Bank of America listens to customers, abandons debit fee plan

NEW YORK — Bank of America Corp. is scrapping its plan to charge a $5 monthly fee for debit card purchases after outraged customers threatened an exodus.

The about-face comes as customers across the country petitioned the bank and mobilized to close their accounts in favor of credit unions and community banks. The outcry prompted other major banks, including JPMorgan Chase & Co. and Wells Fargo & Co., to cancel trial tests of their own debit card fees.

Bank of America reversed course after listening to an outcry from its customers. Anne Pace, a spokeswoman for Bank of America, declined to say whether there was a spike in account closures following the September announcement that it would start charging the fee early next year.

The industry-wide retreat on the debit card fee is a rare victory for consumers who have been dealt an onslaught of new and higher checking account fees in the past year.

It's still too early to say whether the bank's gross miscalculation of consumer sentiment will have a lasting impact.

"This is Bank of America's Netflix moment," said Mark Schwanhausser, a banking analyst with Javelin Strategy & Research. "It misjudged what consumers would bear. It was the wrong fee at the wrong time."

The bank's actions echo the reversal of Netflix to split its DVD-by-mail and streaming video services after vehement consumer complaints.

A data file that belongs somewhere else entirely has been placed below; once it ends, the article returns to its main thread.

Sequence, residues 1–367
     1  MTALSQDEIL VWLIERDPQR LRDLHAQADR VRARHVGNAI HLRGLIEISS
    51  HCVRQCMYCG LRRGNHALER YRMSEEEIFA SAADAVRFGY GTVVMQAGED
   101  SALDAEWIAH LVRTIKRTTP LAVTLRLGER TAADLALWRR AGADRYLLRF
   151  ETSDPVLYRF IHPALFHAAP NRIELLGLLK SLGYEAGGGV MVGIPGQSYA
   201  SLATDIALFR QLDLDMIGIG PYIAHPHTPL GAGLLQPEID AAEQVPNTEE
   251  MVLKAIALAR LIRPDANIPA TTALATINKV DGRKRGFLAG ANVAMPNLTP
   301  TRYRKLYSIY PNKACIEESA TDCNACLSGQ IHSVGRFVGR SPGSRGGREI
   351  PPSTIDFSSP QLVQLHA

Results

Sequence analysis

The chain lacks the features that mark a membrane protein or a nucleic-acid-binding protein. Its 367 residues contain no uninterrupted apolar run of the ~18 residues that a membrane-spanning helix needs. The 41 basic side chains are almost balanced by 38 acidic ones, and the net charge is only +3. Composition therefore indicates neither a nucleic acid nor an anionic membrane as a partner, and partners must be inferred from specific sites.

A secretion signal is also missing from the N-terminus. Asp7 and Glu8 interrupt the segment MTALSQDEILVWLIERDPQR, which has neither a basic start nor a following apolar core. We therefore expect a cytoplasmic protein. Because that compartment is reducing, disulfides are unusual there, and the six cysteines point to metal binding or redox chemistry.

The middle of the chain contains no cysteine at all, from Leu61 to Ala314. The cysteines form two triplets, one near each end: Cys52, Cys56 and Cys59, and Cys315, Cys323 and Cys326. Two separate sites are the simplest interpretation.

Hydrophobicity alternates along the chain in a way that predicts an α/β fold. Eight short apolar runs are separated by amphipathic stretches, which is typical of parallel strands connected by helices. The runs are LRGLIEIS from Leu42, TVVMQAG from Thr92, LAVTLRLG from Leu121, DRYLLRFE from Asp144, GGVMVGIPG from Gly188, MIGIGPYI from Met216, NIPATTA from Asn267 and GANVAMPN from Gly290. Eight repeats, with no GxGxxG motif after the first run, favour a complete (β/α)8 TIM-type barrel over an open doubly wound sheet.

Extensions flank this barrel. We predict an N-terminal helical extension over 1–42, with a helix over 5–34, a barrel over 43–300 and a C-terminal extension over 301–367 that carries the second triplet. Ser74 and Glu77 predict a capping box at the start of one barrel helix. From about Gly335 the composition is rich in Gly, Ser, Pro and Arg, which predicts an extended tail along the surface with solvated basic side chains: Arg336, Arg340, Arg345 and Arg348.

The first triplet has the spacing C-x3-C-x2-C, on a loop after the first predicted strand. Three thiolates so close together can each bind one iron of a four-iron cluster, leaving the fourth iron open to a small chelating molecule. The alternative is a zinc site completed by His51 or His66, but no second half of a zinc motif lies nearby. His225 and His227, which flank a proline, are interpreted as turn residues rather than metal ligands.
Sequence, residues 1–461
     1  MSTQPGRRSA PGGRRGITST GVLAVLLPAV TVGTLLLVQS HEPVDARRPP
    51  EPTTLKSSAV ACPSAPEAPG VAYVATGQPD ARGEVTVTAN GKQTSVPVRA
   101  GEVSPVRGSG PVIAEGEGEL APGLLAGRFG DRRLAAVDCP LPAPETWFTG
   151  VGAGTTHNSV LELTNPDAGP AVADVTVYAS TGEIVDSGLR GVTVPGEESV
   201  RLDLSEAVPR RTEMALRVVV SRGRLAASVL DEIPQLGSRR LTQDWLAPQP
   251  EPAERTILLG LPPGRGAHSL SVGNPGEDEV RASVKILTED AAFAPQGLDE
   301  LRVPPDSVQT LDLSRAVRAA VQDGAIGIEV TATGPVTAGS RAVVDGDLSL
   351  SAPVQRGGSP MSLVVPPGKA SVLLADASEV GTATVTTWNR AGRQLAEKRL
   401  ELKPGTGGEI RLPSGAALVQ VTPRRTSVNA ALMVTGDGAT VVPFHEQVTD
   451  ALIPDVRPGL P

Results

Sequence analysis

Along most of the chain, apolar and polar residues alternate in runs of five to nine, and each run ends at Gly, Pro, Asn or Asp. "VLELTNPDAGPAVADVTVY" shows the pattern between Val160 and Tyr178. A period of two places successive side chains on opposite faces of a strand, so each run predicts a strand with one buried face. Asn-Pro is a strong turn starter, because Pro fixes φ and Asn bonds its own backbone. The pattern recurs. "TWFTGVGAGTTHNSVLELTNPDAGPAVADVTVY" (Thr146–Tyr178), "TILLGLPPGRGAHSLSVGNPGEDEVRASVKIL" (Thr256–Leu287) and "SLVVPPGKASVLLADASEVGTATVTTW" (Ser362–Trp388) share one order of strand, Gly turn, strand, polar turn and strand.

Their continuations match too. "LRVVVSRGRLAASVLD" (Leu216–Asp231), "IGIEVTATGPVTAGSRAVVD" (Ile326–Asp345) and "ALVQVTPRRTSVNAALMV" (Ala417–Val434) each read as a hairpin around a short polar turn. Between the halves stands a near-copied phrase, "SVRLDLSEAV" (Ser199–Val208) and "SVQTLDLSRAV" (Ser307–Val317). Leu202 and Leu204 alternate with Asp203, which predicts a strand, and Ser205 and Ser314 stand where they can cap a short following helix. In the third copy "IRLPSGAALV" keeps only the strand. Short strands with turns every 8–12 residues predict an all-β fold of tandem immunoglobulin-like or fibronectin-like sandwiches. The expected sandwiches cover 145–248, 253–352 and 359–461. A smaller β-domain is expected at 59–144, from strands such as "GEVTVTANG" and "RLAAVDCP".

The prospect of a debit card fee struck a nerve with customers because it's about accessing their own cash at a time when consumers are trying to cut back on borrowing, he said.

Unlike Chase and Wells Fargo, Bank of America's announcement that it would start charging customers a monthly debit card fee came without any testing in the marketplace.

The high-profile retreat could signal that the specter of a debit card fee has been extinguished for the time being. But it doesn't mean customers won't continue to see higher fees elsewhere.

This past spring, for example, Bank of America raised the monthly fee on its basic checking account to $12, from $8.95. The Charlotte, N.C.-based bank is also testing a new menu of checking accounts with monthly fees ranging from $6 to $25 in select states.

Other, smaller fees may be nicking away at customer accounts as well. In September, the bank instituted a $5 fee to replace debit cards, with overnight rush delivery costing $20. Both services had previously been free.

Chase and Citi also hiked fees on their basic checking accounts this year, to $12 and $10, respectively. Chase said it will end a test in Georgia of a basic checking account that charged an even higher $15 monthly fee, however.

In rolling out such unwelcome changes, banks have largely blamed a new federal regulation championed by Sen. Dick Durbin of Illinois. The law, which went into effect last month, caps the amount banks can charge merchants whenever customers swipe their debit cards.

JPMorgan has said it would lose $300 million each quarter as a result of the regulation; Wells Fargo said it would lose $250 million a quarter.